The 1870 Farm, which has over 150 years of history in Chapel Hill, is a place of education and community outreach.
The farm, located at 1224 Old Lystra Rd., was called Sparrow Farm before Amanda McKee and David Schwartz purchased it and renamed it.
The farm has a variety of animals, including rabbits, chickens, ducks, pigs, fainting goats, Nubian goats, sheep, donkeys and more.
Amanda McKee, who also works as a veterinarian, said the farm aims to educate the community, particularly children.
She added that her personal responsibilities are primarily the health, safety and quality of life of the farm's animals. She said she wants to ensure the animals have the preventative care they need and stay happy and healthy.
“If you look at our mission statement, it is to provide agra-education to our local community to help save small farms by alerting people or educating them on the value of the land as a farm as opposed to housing developments, shopping malls and that type of thing,” she said.
McKee said she, and others who emphasize agriculture as a part of their everyday lives, find it amazing that many children do not know where their food comes from or how it is produced.
She described the summer camps the farm offers as "enriching," as kids are off their devices and breathing fresh air.
"They are interacting with animals, and animals teach us so much," she said. "Interactions with people can be complicated. Interactions with animals — they're very honest."
Maddy Bell, a UNC sophomore, said she works as a feeder and instructor for the Kids Vet Club at the farm, which teaches children ages 6 through 15 animal care.
She said she started working at the summer camp with the KVC and then continued working on the farm to further interact with animals during the year.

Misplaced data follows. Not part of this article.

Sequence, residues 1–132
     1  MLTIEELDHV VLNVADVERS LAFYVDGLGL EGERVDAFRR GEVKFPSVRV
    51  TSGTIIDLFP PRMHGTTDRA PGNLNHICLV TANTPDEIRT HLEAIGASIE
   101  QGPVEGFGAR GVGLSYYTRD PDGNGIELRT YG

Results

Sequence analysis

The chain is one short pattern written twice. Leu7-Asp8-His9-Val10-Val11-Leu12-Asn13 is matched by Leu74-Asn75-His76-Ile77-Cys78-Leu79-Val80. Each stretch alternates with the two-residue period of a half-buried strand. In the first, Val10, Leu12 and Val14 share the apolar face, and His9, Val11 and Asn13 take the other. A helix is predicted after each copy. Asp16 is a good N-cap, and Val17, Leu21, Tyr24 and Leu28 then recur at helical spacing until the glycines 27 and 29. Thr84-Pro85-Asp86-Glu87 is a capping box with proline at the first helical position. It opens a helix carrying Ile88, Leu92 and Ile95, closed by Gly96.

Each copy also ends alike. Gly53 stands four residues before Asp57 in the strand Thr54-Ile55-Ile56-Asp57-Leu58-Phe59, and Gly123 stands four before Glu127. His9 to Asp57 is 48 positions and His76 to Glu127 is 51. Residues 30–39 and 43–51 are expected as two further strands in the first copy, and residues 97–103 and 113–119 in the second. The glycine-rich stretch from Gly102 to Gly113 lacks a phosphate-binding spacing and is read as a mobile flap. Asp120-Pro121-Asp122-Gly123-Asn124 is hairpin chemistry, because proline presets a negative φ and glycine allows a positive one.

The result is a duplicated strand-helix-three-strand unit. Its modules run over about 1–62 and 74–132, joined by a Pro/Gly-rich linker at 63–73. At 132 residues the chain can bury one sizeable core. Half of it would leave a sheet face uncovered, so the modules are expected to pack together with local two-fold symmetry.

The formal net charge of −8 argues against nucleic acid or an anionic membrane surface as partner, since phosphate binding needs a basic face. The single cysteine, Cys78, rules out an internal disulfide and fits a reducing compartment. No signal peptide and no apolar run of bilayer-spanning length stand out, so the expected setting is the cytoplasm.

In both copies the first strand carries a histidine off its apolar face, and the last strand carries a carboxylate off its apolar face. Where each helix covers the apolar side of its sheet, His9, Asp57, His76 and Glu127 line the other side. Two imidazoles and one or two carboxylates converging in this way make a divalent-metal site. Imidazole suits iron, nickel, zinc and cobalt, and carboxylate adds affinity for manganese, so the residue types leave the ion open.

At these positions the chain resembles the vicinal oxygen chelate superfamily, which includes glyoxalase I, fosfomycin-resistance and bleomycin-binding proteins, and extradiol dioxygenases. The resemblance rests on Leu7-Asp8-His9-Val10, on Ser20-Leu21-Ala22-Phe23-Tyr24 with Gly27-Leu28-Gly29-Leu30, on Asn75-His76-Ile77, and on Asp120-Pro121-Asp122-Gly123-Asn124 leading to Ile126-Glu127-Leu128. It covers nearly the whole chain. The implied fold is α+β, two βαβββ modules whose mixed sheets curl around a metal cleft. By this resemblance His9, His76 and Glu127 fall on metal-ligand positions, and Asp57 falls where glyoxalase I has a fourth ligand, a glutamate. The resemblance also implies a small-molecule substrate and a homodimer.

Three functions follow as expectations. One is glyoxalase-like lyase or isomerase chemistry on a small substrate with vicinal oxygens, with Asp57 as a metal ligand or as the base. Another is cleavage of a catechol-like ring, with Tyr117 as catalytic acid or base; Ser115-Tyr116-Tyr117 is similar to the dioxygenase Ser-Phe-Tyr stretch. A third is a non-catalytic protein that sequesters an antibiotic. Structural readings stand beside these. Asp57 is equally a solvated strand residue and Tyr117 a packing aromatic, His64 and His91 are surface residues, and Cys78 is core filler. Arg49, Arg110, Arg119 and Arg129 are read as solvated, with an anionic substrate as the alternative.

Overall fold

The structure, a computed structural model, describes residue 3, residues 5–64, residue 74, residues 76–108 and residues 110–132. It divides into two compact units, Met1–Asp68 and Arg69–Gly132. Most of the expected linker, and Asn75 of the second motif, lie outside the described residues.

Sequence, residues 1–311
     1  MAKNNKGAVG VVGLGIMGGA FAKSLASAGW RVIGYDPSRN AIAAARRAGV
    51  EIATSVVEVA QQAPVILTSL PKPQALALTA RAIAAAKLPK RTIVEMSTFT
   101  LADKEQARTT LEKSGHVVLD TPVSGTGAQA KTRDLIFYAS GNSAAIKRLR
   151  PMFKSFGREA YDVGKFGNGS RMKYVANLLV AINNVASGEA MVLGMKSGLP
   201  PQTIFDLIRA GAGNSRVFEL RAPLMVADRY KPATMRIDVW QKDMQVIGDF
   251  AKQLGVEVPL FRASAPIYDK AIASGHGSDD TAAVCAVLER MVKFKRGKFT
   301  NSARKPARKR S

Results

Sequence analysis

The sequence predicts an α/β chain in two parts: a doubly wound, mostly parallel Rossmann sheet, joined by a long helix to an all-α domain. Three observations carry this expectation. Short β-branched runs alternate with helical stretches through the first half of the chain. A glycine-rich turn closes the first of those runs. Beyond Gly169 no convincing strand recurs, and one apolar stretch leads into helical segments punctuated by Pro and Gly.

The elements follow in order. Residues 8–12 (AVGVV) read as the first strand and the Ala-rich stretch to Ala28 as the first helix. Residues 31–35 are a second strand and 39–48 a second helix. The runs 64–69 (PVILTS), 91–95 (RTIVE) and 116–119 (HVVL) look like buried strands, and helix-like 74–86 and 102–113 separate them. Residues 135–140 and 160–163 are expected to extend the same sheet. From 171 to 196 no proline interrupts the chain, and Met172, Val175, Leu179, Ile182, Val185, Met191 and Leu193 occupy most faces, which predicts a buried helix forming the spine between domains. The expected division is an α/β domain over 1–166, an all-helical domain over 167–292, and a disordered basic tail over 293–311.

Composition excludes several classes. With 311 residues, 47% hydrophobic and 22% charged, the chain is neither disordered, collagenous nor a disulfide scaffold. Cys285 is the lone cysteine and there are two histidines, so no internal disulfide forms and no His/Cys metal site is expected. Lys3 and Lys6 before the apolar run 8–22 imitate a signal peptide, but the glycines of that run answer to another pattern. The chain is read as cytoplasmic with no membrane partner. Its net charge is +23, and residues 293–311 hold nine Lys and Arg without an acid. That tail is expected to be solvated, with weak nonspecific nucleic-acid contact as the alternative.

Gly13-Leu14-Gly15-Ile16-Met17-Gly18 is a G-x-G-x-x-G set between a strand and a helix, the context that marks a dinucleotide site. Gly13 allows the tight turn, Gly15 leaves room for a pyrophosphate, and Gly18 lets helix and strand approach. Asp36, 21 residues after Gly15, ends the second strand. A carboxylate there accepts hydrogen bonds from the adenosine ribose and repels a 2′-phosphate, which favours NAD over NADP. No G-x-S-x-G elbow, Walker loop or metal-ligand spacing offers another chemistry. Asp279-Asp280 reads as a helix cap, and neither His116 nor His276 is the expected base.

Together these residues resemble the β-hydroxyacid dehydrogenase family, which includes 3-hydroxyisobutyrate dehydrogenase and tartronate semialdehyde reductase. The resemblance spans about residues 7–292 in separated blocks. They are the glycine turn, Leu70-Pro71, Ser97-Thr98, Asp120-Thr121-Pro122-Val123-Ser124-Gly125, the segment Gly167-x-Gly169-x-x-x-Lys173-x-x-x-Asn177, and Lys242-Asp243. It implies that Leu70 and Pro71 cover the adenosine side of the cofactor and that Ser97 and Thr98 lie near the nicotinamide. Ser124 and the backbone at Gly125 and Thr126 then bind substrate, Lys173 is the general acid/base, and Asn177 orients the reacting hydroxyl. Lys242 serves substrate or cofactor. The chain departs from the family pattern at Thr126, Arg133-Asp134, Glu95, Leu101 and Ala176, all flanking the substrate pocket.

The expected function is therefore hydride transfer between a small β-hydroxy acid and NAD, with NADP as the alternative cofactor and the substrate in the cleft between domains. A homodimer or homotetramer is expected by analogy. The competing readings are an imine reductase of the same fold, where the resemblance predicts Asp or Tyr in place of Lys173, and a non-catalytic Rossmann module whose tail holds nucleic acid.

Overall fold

Bell said in addition to the time she is able to spend with animals, she also enjoys the opportunity to teach children.
“It’s really rewarding to see them light up when you talk about one of your passions that they also like,” Bell said. “The kids that I teach usually want to be vets when they grow up or they just really love animals and to be able to foster that passion of theirs is fun.”
Madison Henderson, a student at N.C. State University who works with Bell as an instructor, said she started at the farm over the summer and has continued working with McKee and Bell throughout the year.
“I really enjoyed teaching little aspiring veterinarians," she said.
Henderson explained that she started revamping the Kids Vet Club’s curriculum in July 2022.She said she has worked to incorporate lessons on specific animals, veterinary ethics and Spanish in veterinary medicine, especially for the Junior Veterinarian Academy, another program on the farm.
“The really cool thing about veterinary medicine is there’s not one clear path,” she said.
Henderson said at the end of her camp weeks, she likes to tell her students to do what makes them happy and seek their passions — an idea that she feels is often overlooked, especially within veterinary medicine.
She said she feels McKee really believes that her staff has the ability to inspire the next generation of aspiring veterinarians.
McKee said she and her family have put their hearts and souls into making the farm an enriching environment that people want to visit.
“I consider it a great privilege to be able to spend my life working with animals that I love and sharing that passion with the rest of the world,” she said.
Currently, visits to the farm are by appointment or through a class or program only, but McKee said she intends to have open farm days when the weather improves.
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